Sammon

Photographing Wildlife in Galapagos

Before we get going, keep in mind that you must stay on designated trails while hiking in Galapagos. Even though you can get close to the animals, that means you’ll need at least a medium telephoto zoom lens, as well as your wide-angle zoom lens. You can walk freely on the beaches, but ask your guide about how close you should get to the wildlife.

Pack a polarizing filter to reduce reflections on water, as well as to darken a blue sky and whiten white clouds.

Photographing Wildlife in Galapagos -Photo by Rick Sammon

Always be ready for action by having your camera ready. If it’s tucked away in your camera bag, you’ll miss some cool photo ops. This short-ear owl darted out of the shadows of a nearby bush and grabbed this dove in a split second.

Be careful when hiking with your camera. Make sure your camera strap is secure. To ensure that your camera can’t fall off your shoulder, use a strap like the Black Rapid strap. It fits over your shoulder and neck, rather than a standard camera strap can slip off your shoulder. Canon 100-400mm IS lens.

Photographing Wildlife in Galapagos -Photo by Rick Sammon

Sure, bring your medium telephoto zoom lens (and maybe even a telephoto zoom lens), but don’t forget your wide-angle zoom lens because you can get very close to the animals, including this masked booby.

Be sure to use a lens hood to shield your lens from direct sunlight. Direct light falling on the front element of your lens can ruin a picture. Canon 15mm lens.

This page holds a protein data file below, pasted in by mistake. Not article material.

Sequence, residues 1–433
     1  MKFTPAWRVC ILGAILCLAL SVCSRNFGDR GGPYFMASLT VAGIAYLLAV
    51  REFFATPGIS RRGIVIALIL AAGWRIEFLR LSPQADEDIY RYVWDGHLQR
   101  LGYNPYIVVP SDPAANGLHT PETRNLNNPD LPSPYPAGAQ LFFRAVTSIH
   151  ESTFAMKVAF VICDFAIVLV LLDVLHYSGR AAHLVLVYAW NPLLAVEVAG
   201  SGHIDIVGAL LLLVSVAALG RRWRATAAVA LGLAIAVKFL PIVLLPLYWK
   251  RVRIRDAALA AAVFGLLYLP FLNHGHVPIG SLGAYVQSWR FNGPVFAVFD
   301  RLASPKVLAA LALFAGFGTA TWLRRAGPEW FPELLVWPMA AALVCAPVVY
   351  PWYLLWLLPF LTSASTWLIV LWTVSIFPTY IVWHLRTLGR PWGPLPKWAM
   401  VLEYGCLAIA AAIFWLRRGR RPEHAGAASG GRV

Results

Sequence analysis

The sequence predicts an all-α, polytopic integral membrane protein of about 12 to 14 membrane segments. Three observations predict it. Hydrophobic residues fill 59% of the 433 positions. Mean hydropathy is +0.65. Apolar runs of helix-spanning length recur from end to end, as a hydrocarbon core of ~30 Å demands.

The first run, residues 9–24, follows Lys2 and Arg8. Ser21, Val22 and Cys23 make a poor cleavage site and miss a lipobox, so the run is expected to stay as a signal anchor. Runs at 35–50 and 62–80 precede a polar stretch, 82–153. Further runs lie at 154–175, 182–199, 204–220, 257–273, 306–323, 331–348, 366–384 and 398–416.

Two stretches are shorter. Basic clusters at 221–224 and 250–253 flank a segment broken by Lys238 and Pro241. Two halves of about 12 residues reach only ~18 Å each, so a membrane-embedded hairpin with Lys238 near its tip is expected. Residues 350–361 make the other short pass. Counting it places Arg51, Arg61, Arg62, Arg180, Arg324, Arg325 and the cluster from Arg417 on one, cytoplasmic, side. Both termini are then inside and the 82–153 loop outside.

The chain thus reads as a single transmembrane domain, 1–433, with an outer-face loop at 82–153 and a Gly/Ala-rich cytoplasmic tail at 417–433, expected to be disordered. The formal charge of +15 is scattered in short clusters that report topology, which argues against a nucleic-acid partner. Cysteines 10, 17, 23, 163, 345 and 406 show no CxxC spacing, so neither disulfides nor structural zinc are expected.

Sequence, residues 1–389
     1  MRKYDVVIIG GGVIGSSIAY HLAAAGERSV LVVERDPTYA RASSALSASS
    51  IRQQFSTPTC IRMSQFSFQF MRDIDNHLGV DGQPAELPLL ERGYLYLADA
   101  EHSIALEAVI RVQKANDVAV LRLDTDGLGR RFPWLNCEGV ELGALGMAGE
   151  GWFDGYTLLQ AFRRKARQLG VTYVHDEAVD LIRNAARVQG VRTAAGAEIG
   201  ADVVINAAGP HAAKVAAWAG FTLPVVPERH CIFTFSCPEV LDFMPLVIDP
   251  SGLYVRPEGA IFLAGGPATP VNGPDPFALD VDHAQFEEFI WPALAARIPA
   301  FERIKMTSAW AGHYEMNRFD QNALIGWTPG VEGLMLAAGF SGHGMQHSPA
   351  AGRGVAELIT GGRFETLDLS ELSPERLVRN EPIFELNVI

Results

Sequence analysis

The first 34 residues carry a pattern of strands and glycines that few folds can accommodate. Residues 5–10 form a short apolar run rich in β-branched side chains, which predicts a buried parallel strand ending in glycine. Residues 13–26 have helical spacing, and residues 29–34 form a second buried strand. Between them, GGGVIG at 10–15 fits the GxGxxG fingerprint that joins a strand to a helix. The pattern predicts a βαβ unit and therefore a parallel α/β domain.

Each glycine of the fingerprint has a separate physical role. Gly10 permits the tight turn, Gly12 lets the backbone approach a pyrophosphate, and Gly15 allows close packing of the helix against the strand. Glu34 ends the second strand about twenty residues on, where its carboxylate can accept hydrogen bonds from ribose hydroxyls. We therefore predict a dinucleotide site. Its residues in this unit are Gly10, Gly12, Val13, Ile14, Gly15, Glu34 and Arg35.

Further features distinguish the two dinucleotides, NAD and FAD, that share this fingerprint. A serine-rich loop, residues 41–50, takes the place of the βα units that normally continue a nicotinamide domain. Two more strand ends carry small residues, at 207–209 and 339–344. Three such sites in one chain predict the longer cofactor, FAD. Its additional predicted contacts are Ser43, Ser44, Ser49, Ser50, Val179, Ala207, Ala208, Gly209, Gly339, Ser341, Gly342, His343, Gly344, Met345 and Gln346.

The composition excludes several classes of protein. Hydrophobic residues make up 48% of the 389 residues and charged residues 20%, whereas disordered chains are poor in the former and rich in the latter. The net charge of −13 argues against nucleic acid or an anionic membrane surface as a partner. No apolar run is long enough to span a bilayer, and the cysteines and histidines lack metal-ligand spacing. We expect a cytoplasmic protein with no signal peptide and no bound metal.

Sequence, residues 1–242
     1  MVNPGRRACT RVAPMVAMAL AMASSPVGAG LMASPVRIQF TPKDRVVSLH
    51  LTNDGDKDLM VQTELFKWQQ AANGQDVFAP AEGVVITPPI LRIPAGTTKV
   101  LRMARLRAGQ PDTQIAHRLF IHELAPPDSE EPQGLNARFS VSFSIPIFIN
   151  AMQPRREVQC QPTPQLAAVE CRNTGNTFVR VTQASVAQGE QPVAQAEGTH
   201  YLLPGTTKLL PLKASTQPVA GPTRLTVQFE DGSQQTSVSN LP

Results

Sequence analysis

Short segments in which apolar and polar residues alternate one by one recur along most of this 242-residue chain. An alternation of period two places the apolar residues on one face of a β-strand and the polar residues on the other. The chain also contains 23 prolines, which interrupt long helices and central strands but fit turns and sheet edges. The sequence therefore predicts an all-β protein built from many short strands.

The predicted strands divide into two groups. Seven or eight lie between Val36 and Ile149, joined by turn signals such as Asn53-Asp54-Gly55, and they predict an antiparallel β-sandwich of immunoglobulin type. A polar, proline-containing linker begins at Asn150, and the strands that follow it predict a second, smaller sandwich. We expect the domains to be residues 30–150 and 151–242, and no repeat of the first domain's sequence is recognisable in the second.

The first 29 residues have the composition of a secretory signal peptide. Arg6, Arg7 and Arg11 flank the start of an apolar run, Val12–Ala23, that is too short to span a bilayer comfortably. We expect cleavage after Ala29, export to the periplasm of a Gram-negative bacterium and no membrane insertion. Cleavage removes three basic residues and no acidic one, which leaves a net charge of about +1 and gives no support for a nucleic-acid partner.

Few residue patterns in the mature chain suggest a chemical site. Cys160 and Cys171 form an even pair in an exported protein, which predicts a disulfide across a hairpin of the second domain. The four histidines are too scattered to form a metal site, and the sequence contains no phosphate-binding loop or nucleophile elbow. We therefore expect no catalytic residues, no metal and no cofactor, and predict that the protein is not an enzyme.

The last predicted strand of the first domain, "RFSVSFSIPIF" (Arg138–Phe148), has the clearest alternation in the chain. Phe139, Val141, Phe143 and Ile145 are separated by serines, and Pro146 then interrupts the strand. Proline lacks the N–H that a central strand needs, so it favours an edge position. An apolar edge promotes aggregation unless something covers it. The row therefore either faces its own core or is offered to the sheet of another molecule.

Photographing Wildlife in Galapagos -Photo by Rick Sammon

Shoot eye-to-eye rather than standing straight up and shooting downward like a tourist. I shot eye-to-eye when I photographed this blue-footed booby.

Shoot at a wide aperture to blur the background. That will help your subject stand out in the frame against the background. Canon 25-105mm lens.

Photographing Wildlife in Galapagos -Photo by Rick Sammon

When possible and appropriate, get down on your belly to give the subject the feeling of power, which is what I did when I photographed these marine iguanas. Watch out! These guys “spit” salt water (sometimes called a “salt water sneeze”), which can harm your lens. Canon 15mm lens.

Photographing Wildlife in Galapagos -Photo by Rick Sammon

Stick like glue to the guide. He or she can help you get great shots. My guide got me up close and personal with this frigate bird and her chick. Canon 100-400mm IS lens.

Photographing Wildlife in Galapagos -Photo by Rick Sammon

Look for pictures that tell a story. You can almost feel the love between his mother sea lion and her pup. Canon 17-40mm lens.

Photographing Wildlife in Galapagos -Photo by Rick Sammon

Enjoy the wildlife experience. It’s like no other on the planet! Don’t miss these giant tortoises at the Charles Darwin Research Station. Canon 100-400mm IS lens.

You’ll find quick tips like this – and more Galapagos photographs – in my flagship app, Rick Sammon’s 24/7 Photo Buffet.

Well my fellow travelers, that’s it for now. Have fun making pictures on your next trip. Until then, stop by here from time to time for more photo tips and advice on where to go to make great photographs.

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Rick Sammon is our regular and intrepid photo columnist here on Adventure Collection. To see more of his work, and to learn about his photography workshops, check out his web site: www.ricksammon.info. You can send questions to Rick at ricksammon@mac.com.